"Because of the prolonged nature of this disaster, it's impossible to guess what rate of PTSD (post-traumatic stress disorder) we will see. It may be much higher than we would normally expect."
After other disasters, between 7 percent and 12 percent of the people directly affected eventually suffered PTSD symptoms, he said. Because Katrina victims number in the hundreds of thousands—all the people who lost homes, lost relatives or were forced into temporary shelters—the mental toll could be huge, he said.
"Because the sheer size of the impact was so large, I think there is a greater sense of despair and loss that people are experiencing," he said. "This experience of dramatic, prolonged displacement will create a toll long into the future."
Before Katrina hit, a Mississippi mental health telephone help line received about 300 calls a month. After Katrina, the help line was flooded with calls: One night, director Jennie Hillman had the line roll over to her home; she was up much of the night fielding 27 calls.
In late September, federal money helped pay for a new mental health help line called Project Recovery. It also has been swamped with calls: In the last four weeks, Project Recovery has received 960 calls, while workers in the field have made contact with an additional 800 people, Hillman said.
The Gulf Coast Mental Health Center lost nearly half its patients during and just after the storm, yet new patients streamed in to replace them and then some, said psychologist Steve Barrilleaux, director of the adult outpatient program. Now nearly half of those the center sees have Katrina-related problems.
Diane Lufreniere, a therapist at the center, developed strange rashes on both arms.
"I was itching all the time and I just couldn't figure it out," she said. She went to three doctors, and they tried different medicines to no avail. Finally, they figured it was the stress of housing friends who were homeless. When the stress went away, so did the rashes.
While the stress is overwhelming, the part of the body that shows the most symptoms is the respiratory system, said directors of local medical centers and makeshift clinics.
In just nine days, from Nov. 9 to Nov. 17, the New Waveland Clinic saw 473 patients—121 of them were for respiratory problems. The second most common symptom was skin problems with 68 patients.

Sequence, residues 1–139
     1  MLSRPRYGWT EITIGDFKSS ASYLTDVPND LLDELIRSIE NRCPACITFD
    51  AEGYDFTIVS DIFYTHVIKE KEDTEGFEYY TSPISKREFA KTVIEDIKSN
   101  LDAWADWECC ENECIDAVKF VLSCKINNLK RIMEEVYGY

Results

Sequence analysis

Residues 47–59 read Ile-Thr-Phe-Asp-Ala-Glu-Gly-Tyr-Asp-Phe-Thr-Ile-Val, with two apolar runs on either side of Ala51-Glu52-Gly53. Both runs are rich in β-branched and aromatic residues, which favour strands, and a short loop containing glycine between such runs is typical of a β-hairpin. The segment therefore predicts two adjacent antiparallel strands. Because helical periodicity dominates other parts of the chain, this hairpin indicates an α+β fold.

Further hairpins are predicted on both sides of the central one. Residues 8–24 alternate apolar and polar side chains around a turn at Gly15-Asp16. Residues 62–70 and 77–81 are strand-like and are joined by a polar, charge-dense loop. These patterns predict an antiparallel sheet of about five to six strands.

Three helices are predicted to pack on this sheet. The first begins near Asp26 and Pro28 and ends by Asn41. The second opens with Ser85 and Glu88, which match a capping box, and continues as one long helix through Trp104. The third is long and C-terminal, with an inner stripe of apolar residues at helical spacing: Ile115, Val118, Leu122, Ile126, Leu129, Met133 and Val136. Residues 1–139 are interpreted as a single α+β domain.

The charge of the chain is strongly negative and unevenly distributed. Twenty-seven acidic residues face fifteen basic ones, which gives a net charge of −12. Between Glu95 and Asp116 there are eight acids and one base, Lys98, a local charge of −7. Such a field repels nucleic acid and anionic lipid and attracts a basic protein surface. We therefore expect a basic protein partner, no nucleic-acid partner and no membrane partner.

Dave Farragut of DeLisle, Miss., got one of the first new trailers from the Federal Emergency Management Agency. The first couple of days, the smell from the trailer made his eyes burn. When his girlfriend moved in a few days later, she also got sick at first.
For more than a decade, federal health officials have known about irritating chemicals emitted from the glue and plywood of new trailers, said professor Stan Glantz, of the University of California at San Francisco.
Volunteer Claire Gilbert at the Waveland clinic had mold problems of her own in her New Orleans apartment. Nearly every structure touched by the floodwaters has mold growing.
Mold is serious. In addition to irritating people and triggering asthma and allergy attacks, it can cause infections and can be toxic and cause cancer, said Sam Arbes, a scientist who specializes in mold issues at the National Institute of Environmental Health Sciences in North Carolina.
"It doesn't get any worse" than the mold levels Arbes said he saw in New Orleans. Testing there by the Natural Resources Defense Council, an environmental group, found mold levels in New Orleans nearly 13 times higher than what's considered very high levels by allergists.
Increased traffic is also creating breathing problems for vulnerable people, Frumkin said. And diesel exhaust—increased because of ever-present construction and debris-clearing vehicles with diesel engines—causes cancer, he said.
With bridges and roads out, traffic in parts of the Mississippi Gulf Coast is down to a crawl, so it can take two to three times longer than usual to get places, increasing emissions.
For example, on Interstate 10, just west of U.S. 49 in Gulfport, the average daily traffic has increased from about 37,000 last year to 52,000 in October, according to Trung Trinh, a planner for the Mississippi Department of Transportation.
Skin problems are also plentiful. New Waveland Clinic director Brad Stone told of a disabled woman who lived in her car for three months while waiting for FEMA to come up with a handicapped accessible trailer. The woman developed a fungal infection on her body that was "extremely painful and dehumanizing," Stone said.
It all comes down to environmental factors, Stone said.
Take Alicia Heatherton of Biloxi. During Katrina she stayed in her retirement home apartment right on the beach. Even though nearby buildings were obliterated, she survived.
It's the aftermath that's come close to killing her.
Heatherton, a 68-year-old woman with emphysema, got a severe lung infection from the mold spreading in her apartment.
"I love it (in Biloxi), but my life comes first," Heatherton said, gasping for air. In about a week, she's moving to Nevada, saying: "I'm not going to sit here and mold to death."
(c) 2005, Knight Ridder/Tribune Information Services.